Red Sox

Notes: Rays capitalize on Red Sox' mistakes

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Notes: Rays capitalize on Red Sox' mistakes

By Jessica Camerato
CSNNE.com Follow @JCameratoNBA

BOSTON -- The Red Sox had missed opportunities on Saturday. The Tampa Bay Rays also took advantage of their own. In a game where Jon Lester gave up four earned runs and the Red Sox left six men on base, four more than the Rays did, it could be easy to point out what the Red Sox should have done better. At the same time, there is a lot the Rays did do better.

Evan Longoria entered Saturdays game batting 4-for-8 with two homeruns and six RBIs in the series. He added to that with an RBI single in the fifth inning against Lester. Longoria has driven in 13 RBIs against the Red Sox this season and 57 over his career.

Hes a tremendous player, said Francona. Hes done that to us before. A couple years ago I think he drove in 30-something runs, at least hes not doing that. Good players, like thats how we feel about Pedey (Dustin Pedroia) and guys like (Jacoby) Ellsbury, thats what you have them for.

The Red Sox entered the game with limited success against Jeff Neimann. (Marco Scutaro had a team-high three hits against him.) The Sox were able to get four hits off of him in five innings, but failed to capitalize on many of them.

Hes a good pitcher and he pitches well against us, said Francona. We had some chances. We didnt cash in. Thats the way the game is.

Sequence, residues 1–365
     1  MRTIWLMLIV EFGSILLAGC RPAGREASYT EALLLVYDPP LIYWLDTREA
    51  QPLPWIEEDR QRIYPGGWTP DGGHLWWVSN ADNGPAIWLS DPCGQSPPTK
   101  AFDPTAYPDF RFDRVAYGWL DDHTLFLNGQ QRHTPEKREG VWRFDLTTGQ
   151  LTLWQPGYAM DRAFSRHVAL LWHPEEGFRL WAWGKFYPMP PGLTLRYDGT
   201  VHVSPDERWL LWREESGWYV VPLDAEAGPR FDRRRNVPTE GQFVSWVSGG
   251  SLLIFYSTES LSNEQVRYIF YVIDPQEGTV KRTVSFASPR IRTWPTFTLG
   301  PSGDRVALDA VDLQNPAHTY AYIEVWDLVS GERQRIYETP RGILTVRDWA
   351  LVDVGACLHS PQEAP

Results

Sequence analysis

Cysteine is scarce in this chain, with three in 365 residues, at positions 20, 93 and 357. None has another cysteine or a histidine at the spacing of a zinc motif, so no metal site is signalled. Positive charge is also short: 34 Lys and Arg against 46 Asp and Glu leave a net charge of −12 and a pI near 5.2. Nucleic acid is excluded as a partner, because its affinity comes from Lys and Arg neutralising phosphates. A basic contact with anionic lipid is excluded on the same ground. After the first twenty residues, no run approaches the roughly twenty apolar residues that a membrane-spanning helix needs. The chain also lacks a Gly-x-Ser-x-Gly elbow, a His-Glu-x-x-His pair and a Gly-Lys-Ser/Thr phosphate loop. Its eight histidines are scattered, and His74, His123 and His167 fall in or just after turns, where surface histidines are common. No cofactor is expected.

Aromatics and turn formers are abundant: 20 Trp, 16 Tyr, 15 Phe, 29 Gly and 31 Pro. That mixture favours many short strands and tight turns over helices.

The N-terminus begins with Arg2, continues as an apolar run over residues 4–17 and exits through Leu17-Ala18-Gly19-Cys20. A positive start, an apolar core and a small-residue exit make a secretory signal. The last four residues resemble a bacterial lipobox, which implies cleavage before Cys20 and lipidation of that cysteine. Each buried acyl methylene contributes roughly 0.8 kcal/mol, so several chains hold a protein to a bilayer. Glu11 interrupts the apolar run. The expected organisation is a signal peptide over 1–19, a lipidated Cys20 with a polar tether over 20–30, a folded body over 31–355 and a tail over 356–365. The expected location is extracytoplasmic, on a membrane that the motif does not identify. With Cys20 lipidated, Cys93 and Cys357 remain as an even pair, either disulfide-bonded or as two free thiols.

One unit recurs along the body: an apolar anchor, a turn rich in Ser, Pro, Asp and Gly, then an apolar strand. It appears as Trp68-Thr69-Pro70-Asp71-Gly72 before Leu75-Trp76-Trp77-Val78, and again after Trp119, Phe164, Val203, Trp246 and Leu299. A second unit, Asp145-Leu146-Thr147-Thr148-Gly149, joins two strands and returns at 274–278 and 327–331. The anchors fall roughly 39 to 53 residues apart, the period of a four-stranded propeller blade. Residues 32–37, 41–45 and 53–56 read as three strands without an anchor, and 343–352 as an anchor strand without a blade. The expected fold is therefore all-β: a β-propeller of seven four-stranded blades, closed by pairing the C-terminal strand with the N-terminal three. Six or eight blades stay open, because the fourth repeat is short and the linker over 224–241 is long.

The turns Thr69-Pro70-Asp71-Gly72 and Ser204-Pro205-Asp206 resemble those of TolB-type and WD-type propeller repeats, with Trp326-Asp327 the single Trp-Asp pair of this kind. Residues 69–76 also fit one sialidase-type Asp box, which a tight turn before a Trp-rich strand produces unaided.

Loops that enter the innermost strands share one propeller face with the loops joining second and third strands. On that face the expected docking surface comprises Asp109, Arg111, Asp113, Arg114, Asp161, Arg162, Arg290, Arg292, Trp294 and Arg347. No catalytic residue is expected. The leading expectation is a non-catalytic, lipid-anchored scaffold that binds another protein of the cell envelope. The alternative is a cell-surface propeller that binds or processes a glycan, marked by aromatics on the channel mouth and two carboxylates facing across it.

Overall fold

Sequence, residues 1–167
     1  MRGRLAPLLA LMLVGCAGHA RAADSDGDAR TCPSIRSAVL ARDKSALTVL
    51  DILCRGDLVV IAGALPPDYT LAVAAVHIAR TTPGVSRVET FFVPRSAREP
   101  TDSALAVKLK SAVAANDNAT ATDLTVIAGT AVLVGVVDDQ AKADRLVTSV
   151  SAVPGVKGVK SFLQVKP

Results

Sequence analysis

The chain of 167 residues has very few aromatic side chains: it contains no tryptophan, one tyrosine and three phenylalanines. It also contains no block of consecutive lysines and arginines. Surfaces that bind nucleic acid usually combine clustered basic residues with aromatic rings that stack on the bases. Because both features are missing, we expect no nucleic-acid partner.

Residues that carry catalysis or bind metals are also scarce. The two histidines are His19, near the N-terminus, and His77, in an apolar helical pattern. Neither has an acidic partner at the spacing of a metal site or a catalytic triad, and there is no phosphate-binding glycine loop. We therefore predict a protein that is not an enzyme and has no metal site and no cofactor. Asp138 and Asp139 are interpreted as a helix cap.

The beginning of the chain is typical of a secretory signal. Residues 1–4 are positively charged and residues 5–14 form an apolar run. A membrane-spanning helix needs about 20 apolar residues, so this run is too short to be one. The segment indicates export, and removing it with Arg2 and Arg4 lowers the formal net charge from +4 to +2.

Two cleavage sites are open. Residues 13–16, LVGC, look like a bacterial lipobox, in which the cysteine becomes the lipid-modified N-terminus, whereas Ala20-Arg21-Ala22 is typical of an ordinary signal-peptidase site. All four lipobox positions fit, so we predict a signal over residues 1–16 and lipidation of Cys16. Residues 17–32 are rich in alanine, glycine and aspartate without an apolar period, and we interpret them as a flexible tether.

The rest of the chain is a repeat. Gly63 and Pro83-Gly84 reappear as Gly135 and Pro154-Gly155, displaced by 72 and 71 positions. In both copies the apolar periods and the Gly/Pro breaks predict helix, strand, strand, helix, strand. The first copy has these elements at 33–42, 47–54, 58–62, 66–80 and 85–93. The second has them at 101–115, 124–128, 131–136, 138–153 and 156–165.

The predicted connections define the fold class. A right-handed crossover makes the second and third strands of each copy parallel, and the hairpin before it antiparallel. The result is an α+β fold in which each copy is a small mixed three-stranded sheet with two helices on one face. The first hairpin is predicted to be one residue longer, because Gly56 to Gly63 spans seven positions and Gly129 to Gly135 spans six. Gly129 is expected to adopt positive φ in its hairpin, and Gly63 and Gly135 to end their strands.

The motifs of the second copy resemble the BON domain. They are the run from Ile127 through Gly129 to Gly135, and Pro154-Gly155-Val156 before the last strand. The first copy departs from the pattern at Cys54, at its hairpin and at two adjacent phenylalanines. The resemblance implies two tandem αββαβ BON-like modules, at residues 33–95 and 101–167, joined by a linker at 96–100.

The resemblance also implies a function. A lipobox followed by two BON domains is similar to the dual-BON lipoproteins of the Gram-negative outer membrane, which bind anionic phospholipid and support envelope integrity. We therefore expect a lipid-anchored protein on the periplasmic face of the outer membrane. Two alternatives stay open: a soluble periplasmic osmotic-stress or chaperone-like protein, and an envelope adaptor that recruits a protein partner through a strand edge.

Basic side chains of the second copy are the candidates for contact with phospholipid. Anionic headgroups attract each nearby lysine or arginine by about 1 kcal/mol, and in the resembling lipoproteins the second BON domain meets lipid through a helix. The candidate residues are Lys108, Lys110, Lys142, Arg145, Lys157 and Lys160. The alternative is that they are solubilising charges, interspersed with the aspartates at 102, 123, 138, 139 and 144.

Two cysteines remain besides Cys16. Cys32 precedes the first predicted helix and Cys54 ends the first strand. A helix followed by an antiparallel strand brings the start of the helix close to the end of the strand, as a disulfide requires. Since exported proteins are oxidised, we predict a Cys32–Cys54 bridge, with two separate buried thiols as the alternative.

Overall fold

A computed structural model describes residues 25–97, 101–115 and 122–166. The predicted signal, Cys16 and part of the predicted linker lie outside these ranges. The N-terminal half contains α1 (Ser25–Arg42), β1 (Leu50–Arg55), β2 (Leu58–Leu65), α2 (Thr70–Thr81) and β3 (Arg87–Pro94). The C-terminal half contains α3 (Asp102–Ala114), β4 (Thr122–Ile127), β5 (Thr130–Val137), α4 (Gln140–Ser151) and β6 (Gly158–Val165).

In only his second Major League appearance, Matt Moore pitched three innings in relief of Neimann, giving up one run, two hits, and striking out a pair.

He has a very loose, live arm, said Francona. I can see why they like him so much. He didnt command probably like he can, but theres a lot to like. And the fact that through Double-A and Triple-A he got right handers out so dominating shows you that he has more than a fastball.

The Rays offense forced Lester into deep counts throughout the game, and their patience paid off at the plate.

I thought they did a good job of laying off some pitches that maybe some other teams dont, because if you dont eliminate a pitch with him, sometimes he can kind of have his way with you, said Francona. They got a lot of deep counts, and then once youve seen five or six pitches in that at bat, youve got to make a really good pitch. They fouled off some pitches that were good pitches, but because they had seen five or six, they were able to do that.

With a loss, the Red Sox American League Wild Card lead is three games over the Rays. They are now 4.5 games behind the New York Yankees in overall AL East standings. The Red Sox have lost 10 of their last 13 games and are 2-8 in their last 10 contests.